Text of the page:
The student-led movement to end mass atrocities.

The Other Independence Day

Stefani Jones is a rising junior at Duke University, where Sanjay Kishore is also a rising senior. Stefani and Sanjay have spearheaded Duke’s Conflict-Free Campus Initiative. This post is a reflection on their experiences in Juba, South Sudan earlier last month.

We all know that the Fourth of July is a sacred day in America. It’s is our time to reflect on a revolutionary moment in history, when a group of individuals came together to dream of a nation founded upon the radical ideas of equality and freedom from persecution and oppression—a dream that actually changed the world. As we offer a tribute to the courage and idealism of our forefathers on our nation’s 236th birthday though, it’s important to recognize this quest for liberty isn’t just some romantic remnant of history. The themes underlying America’s historic struggle for freedom can be found in a series of contemporary movements for self-governance—and one need not look any further than the world’s newest nation on earth, South Sudan, for a striking example.

While we read about fighting for freedom in history textbooks, we rarely get a glimpse of what those struggles actually look like. After following South Sudan’s inspiring journey towards national sovereignty from afar though, the two of us set out to visit Juba earlier this summer. As a duo with diverse interests—one (Sanjay) an aspiring public health nerd, the other (Stefani) a politics wonk and human rights advocate—we wanted to engage with the revolutionary moment we never got a chance to live through in our own country. We were tired of being “armchair activists,” and we wanted to actually experience life in the country that we were advocating on behalf of.

Even before stepping foot in the country, we each independently "prioritized" South Sudan’s challenges according to our own worldview. One of us believed South Sudan needed to first address rising political tensions with the North over oil and ethnic violence in areas like the Jonglei state before other reforms could take place. For the other, addressing major discrepancies in access to quality healthcare and education through the creation of strong systems seemed the most important key to development.

After arriving in Juba, we were inspired by the energy of those facing monumental challenges with dogged persistence. We saw the hope of a nation reflected in all kinds of people—from the eldest of government officials to the youngest of elementary students, from the foreigner delivering aid to the entrepreneur catalyzing economic growth. But, as amazed as we were by those pushing for progress, we also quickly realized that these agents of change could only succeed in an environment positioned for success. South Sudan is still recovering from a long and tortuous history of violence. The prospect of conflict or suffering reappearing in the near future jeopardizes any chance of substantive progress.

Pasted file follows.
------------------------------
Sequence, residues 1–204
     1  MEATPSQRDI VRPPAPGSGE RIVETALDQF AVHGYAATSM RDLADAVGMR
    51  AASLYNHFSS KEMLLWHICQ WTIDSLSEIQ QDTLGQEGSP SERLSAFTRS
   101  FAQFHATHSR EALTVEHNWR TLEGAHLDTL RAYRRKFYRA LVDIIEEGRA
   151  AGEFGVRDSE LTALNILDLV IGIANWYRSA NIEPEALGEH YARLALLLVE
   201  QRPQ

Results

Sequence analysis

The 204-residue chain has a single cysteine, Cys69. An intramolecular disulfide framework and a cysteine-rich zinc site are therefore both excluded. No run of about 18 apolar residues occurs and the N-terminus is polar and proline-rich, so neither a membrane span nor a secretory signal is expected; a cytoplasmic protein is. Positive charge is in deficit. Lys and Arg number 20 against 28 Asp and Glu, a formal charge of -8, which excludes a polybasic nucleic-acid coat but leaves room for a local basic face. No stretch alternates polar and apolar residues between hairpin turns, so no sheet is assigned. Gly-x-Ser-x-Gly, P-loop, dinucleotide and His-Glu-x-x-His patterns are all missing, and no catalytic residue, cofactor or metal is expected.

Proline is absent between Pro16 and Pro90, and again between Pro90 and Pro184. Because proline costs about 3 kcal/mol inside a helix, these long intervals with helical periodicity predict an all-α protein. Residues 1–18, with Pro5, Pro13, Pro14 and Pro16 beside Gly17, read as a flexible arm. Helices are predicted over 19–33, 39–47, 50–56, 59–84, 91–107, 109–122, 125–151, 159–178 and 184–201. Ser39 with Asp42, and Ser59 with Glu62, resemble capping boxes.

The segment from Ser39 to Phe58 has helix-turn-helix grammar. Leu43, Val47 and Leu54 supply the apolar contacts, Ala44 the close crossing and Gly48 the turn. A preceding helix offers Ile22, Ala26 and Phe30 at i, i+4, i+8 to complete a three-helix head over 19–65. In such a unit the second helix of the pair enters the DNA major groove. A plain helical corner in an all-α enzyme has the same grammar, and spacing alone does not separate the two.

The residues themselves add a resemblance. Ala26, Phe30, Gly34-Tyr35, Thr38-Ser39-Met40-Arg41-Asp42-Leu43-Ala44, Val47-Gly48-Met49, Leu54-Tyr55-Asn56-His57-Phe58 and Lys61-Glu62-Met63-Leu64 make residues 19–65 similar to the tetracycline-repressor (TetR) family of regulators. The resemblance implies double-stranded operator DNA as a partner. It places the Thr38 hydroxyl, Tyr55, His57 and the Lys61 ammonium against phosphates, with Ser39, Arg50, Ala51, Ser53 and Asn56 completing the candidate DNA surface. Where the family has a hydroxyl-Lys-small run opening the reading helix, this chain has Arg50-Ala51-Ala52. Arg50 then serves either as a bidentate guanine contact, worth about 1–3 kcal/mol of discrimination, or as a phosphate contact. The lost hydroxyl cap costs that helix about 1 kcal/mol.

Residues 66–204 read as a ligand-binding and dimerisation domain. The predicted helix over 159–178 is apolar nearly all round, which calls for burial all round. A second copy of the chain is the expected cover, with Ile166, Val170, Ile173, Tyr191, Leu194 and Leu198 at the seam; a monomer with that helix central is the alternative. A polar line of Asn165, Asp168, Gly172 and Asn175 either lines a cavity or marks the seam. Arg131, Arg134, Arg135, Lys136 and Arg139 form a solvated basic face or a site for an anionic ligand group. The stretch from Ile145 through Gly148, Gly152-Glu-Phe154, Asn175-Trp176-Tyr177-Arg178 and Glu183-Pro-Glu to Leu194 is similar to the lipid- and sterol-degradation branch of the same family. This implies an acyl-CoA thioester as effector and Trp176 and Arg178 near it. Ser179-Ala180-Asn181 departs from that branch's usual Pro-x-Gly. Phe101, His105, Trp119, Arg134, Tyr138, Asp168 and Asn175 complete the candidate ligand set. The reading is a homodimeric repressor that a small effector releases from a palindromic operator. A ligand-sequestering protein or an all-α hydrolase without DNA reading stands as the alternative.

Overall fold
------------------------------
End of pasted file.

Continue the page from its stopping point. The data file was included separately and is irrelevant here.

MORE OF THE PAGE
Dr. Moses Ongom, the World Health Organization’s (WHO) Director of Health Systems in South Sudan, hammered that point home to us. In an interview with him, he broke down the strategy and methods that were necessary in addressing health disparities. He explained to us that with time, due diligence, and resources, the South Sudanese people can and will develop the capacity to effectively deliver health services across the nation. But, right now, they are overwhelmed with trying to heal preventable illnesses—malaria, typhoid, tuberculosis, malnutrition, and others—that have festered because of decades of instability and war. Dr. Ongom said that there’s no way South Sudan has a shot at solving its health crises under the threat of renewed conflict. South Sudan needs stability and peace first so that it can move on to address other (equally pressing) problems.

Though we entered Juba as two students with different "lenses" through which we viewed the world, we left with the same conclusion that thousands have reached: we want peace. We were drawing a false dichotomy in development—that the public welfare of South Sudan could be addressed independent of conflict resolution. But the reality is that peace and prosperity are, and probably always be, intertwined. This is a revolutionary moment for South Sudan, just like it was for our country over two centuries ago. The country has already taken a major step through independence, allowing its people to dream of a better life and better world full of opportunity and justice. And now, the first step towards sustaining this change is clear: we not only choose peace, we need it.

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